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Sgt. Kenneth W. Dusart

Photo: David Olsen

     When young men go to war, the experience lives with them forever. When young men die at war, their loss lives with their families forever. And not just with their parents who mourn for them; the void they leave can be felt through the generations. 

     Family members of Kenneth Dusart still think of him all the time.

Kenneth William Dusart was born in Syracuse on September 22, 1947 to Robert and Hazel Dusart. He grew up on Elm Street in Camillus with his five siblings--Dorothy, James, Raymond, Robert, and Lawrence (who sadly passed when he was very young). “Kenny” was a member of Explorer Post 73 of Camillus during his youth and graduated from West Genesee High School in 1966. He was working for the J.J. Ferguson Construction Company prior to his enlistment in the Army.  A family member recalls him as a very nice young man who took the kids in the family for rides in his 1963 Ford convertible, a vehicle that he treasured. As a young man, Kenny also loved going hunting and fishing with his older brothers and was planning to join his brother in the garden nursery business. 

     Kenny was drafted in 1967, roughly a year after his high school graduation and underwent basic training at Fort Dix, NJ. He also received advanced training at Ft. Jackson, South Carolina before being assigned to the 11th Armored Cavalry Regiment. Kenny was an 11B40 Infantryman and served in I Troop, 3rd Squadron, arriving with his unit in Vietnam on December 12, 1967. Kenny was involved in many operations and earned his Combat Infantry Badge and Vietnam Service Medal. He may have known what was to come for him; in a message home to his mother he instructed her to sell his beloved car.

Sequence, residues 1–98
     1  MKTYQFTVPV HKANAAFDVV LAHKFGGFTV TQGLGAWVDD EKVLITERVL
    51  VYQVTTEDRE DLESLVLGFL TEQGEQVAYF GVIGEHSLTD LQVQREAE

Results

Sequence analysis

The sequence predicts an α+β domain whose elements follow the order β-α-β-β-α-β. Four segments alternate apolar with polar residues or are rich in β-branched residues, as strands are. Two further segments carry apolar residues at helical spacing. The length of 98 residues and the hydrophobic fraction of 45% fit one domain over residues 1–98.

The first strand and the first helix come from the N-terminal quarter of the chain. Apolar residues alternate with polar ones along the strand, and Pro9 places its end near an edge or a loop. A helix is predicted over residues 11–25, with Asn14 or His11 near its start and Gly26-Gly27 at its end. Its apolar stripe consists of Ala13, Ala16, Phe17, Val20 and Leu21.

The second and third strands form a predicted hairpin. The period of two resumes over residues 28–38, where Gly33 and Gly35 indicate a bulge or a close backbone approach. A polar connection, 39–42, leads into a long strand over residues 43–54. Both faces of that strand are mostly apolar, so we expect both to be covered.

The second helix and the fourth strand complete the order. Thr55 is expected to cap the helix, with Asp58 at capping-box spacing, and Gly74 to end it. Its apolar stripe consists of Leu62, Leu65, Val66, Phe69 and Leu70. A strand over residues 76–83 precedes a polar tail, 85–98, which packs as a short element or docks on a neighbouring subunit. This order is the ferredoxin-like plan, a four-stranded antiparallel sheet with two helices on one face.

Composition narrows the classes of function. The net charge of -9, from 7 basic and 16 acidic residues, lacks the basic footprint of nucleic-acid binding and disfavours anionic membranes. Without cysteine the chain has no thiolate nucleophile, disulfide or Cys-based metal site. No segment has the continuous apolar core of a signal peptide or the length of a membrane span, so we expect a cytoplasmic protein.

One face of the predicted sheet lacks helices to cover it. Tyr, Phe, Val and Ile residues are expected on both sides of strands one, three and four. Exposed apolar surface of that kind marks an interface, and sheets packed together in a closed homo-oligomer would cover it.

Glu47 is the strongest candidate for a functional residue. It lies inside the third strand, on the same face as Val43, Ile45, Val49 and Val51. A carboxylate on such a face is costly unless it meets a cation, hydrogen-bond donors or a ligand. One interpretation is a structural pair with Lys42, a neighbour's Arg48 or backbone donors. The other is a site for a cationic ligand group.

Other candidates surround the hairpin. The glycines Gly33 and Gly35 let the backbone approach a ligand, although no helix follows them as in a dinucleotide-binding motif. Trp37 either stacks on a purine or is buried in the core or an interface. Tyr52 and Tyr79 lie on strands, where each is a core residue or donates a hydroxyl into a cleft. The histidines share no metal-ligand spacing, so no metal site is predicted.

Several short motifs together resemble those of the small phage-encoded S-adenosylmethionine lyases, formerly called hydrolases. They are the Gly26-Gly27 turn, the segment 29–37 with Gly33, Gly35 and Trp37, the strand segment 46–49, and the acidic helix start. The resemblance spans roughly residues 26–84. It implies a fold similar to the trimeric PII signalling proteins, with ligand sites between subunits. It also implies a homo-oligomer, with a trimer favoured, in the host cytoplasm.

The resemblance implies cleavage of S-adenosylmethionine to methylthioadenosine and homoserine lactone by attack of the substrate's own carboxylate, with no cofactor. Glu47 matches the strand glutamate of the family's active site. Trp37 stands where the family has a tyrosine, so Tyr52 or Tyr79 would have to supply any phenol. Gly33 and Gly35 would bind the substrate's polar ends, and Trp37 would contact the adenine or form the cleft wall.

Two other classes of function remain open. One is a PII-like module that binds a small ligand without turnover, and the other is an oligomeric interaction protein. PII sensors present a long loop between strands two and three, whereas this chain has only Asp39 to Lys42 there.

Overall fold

On October 19, 1968, after ten harrowing months of fighting as an infantryman, Sgt. Kenneth Dusart was wounded in action while fighting with his unit in Bình Dương when he was mistaken for a hostile force (the enemy) when returning to a friendly perimeter, according to The Black Horse Memorial (memorial website for 11th Cavalry Regiment). He was transported to the 93rd Evacuation Hospital in Long Bình where he passed away. Kenny was a Catholic with a belief in eternal life, and therefore it can be imagined that he was joyfully greeted on the other side by his younger brother Lawrence (who drowned in Otisco Lake years earlier) when he passed through those pearly gates. Kenny is listed by his regiment as a recipient of the following awards: Purple Heart Medal, Army Good Conduct Medal, National Defense Service Medal, Vietnam Service Medal, Republic of Vietnam Campaign Medal, Presidential Unit Citation, Valorous Unit Award, and the Vietnamese Gallantry Cross with Palm device. 

     This brave Camillus hero is gone but never forgotten, as he is memorialized on the Vietnam Veteran Memorial in Washington, DC (the Vietnam Wall) in Panel 40 W Line 2. A flagpole outside of St. Joseph’s Roman Catholic Church in Camillus is dedicated to his memory along with that of another local Vietnam soldier killed in action.  Kenny is remembered in the hearts of many, including a dear high school friend who rides in the Patriot Guard, displaying Kenny’s information on the front of his motorcycle and by friends who have posted messages of memory on the Vietnam Veterans Memorial Fund “Wall of Faces” website as recently as 2022. One beautiful message contributed by Lucy Micik says, “We remember all you who gave their all. It has been too long, and it's about time for us all to acknowledge the sacrifices of those like you who answered our nation's call. Please watch over America, it still needs your strength, courage and faithfulness. Rest in peace with the angels.”

     The time to remember Kenny’s bravery, courage, and sacrifice is now. The time to remember our fallen heroes is now. We should think of them every day as Kenny’s family does all these years later. We should show gratitude for their willingness to answer the call to serve and their supreme sacrifice for our lives, our liberties, and our pursuits of happiness. It is often said of fallen soldiers that they gave their tomorrows for our today. Let us show respect for Kenny and his fallen brothers by using at least one “today”, Memorial Day, for the purpose of honoring and remembering.

Thank you, Kenny, for your service and your sacrifice.

Photo: Cathy Alton


Dusart, Kenneth Walter, SGT.

Dusart, Kenneth Walter. The Blackhorse Memorial.

Dusart, Thomas. Personal recollections.

Sgt. Dusart Listed Killed in Vietnam. Syracuse Post Standard. 24 Oct. 1968. P. 13. Newspaper Archive. Access Newspaper Archive Institutional Version | Viewer (

Sgt. Kenneth Walter Dusart.

The Wall of Faces. Vietnam Veterans Memorial Fund.

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